Suicider at long last
The blog Against the War on Terror suggests that Zacarias Moussaoui intended to be martyred, one way or another, and the US government intends to oblige him--serving their purposes and his, but no one else's (well, maybe Osama's).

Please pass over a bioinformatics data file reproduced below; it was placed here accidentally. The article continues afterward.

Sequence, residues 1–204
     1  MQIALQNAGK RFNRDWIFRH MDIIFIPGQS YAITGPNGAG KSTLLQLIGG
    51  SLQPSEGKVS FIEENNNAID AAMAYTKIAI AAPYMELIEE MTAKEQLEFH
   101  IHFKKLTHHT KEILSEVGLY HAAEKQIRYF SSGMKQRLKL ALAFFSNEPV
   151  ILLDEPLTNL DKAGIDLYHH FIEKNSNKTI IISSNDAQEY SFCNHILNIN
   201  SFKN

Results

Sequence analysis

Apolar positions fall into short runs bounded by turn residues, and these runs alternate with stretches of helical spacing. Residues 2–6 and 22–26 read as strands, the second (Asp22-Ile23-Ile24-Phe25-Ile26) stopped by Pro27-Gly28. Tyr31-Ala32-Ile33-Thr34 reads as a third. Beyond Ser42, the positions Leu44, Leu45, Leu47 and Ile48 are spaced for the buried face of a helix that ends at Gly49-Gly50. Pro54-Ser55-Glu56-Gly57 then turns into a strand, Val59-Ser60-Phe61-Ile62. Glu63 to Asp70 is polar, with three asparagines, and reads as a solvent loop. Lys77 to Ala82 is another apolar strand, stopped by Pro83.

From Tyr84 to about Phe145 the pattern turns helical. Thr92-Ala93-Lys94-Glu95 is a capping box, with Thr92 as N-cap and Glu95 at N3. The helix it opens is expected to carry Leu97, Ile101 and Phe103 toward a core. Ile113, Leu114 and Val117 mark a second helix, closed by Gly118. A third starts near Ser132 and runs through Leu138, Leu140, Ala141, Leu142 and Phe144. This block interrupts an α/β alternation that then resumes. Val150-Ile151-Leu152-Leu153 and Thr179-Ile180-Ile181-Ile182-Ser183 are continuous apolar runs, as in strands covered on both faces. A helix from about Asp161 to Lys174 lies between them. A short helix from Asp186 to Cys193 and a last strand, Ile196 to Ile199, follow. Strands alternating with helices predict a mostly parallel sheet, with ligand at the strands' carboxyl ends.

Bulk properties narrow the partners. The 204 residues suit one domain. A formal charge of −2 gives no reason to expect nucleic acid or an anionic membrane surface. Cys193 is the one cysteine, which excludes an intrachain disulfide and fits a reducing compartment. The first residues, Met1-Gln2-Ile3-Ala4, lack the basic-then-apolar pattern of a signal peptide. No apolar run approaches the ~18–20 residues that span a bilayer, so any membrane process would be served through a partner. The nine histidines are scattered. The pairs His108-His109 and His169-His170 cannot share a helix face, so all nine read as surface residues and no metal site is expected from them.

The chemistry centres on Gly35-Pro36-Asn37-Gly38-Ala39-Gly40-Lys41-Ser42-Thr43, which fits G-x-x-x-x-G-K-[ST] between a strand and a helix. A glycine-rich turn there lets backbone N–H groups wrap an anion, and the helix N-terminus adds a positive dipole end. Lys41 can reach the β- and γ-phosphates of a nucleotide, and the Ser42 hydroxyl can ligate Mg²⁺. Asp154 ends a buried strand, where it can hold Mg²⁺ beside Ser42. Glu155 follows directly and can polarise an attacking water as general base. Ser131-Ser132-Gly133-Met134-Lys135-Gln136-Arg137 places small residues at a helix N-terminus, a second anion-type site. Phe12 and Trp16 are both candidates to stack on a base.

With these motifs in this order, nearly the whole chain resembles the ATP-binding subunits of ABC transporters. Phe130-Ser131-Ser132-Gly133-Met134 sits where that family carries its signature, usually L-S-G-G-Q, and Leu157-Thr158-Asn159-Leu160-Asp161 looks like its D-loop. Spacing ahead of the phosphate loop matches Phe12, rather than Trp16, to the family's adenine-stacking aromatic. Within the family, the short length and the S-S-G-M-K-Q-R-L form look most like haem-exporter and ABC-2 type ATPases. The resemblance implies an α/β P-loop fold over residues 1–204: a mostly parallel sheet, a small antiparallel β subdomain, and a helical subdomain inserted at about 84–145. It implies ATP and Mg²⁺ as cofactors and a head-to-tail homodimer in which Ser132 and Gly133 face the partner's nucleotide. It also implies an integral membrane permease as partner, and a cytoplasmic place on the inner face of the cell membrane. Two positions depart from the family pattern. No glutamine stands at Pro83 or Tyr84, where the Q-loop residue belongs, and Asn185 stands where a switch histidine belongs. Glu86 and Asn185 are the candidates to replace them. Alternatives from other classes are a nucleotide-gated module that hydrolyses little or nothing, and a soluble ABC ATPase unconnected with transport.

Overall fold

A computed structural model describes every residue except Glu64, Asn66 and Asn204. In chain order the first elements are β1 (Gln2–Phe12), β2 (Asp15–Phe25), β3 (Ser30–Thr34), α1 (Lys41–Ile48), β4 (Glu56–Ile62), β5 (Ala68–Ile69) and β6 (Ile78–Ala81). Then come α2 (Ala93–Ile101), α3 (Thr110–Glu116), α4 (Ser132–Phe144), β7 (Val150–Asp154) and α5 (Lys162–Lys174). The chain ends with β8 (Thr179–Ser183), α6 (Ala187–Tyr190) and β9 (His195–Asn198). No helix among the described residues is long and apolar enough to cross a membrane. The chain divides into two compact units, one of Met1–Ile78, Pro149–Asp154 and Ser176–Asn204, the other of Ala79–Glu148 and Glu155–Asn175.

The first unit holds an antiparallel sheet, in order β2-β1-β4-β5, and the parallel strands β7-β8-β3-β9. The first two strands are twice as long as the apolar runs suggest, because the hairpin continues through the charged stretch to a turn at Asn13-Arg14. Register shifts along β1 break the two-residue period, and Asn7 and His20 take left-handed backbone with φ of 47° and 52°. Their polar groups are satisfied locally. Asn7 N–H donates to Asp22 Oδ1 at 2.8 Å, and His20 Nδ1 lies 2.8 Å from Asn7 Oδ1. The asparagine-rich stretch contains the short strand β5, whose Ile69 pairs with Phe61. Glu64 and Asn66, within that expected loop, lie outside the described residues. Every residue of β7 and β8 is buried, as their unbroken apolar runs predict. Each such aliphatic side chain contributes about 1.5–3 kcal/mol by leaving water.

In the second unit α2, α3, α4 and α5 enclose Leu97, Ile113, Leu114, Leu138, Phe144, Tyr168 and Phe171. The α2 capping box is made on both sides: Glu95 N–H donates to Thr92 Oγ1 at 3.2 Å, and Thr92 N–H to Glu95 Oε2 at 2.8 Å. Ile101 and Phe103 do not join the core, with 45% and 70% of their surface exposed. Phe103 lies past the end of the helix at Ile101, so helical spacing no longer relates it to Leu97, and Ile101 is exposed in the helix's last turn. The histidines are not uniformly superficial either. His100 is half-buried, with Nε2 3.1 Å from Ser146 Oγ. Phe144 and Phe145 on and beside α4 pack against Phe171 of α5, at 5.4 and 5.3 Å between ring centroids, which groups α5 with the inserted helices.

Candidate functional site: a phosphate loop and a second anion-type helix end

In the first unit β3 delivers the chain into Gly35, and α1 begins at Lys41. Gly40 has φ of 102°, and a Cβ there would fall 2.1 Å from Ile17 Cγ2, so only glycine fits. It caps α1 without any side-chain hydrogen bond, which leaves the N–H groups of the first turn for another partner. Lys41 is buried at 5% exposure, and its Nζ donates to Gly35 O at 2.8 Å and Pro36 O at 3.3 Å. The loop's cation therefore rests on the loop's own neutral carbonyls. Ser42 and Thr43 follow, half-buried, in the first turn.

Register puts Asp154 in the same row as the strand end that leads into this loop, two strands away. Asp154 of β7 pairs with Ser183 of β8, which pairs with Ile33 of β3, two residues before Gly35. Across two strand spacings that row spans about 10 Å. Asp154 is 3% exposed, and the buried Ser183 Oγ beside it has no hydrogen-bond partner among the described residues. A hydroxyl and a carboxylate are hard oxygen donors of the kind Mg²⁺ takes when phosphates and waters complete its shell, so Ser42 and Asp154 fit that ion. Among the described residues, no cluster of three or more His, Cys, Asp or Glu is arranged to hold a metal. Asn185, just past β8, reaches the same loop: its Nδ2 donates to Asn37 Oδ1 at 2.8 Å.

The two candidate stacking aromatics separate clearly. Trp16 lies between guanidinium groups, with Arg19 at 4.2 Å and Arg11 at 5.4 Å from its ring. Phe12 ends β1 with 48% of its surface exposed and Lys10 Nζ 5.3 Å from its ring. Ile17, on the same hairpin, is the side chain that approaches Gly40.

The administrationís desperate quest for a victory in the war on terror, however, has made it blind to its real effects. It is not just that the government bent the law into conceptual pretzels, but that it actually allowed Moussaoui the only possibility of victory he could achieve. After all, the main reason the prosecution won its case for the death penalty was not anything the lawyers showed, but Moussaouiís eleventh-hour reversal. Having disputed any involvement in 9/11 prior to last week, Moussaoui, in his final testimony, suddenly stated that he was supposed to have flown a plane into the White House, that he knew about the other attacks, and that he concealed them from the government. This, of course, was enough to seal the deal for the government. But what the government doesnít want to acknowledge is that Moussaoui may very well have wanted the death penalty. ... Moussaoui has said previously that he wanted to be executed, and that he was willing to testify against himself if it would mean avoiding a life sentence: it was "different to die in a battle ... than in a jail on a toilet," as he put it. This alone strongly suggests Moussaouiís last minute change of heart had little to do with a sudden passion for the truth or feelings of guilt. Moussaoui and the Bush administration seem to agree on one thing at least Ė that the courtroom should be seen as a battlefield. By ignoring the evidence, both get what they want. The administration adds a legal victory to its win column, and Moussaoui gets a state-facilitated martyrdom.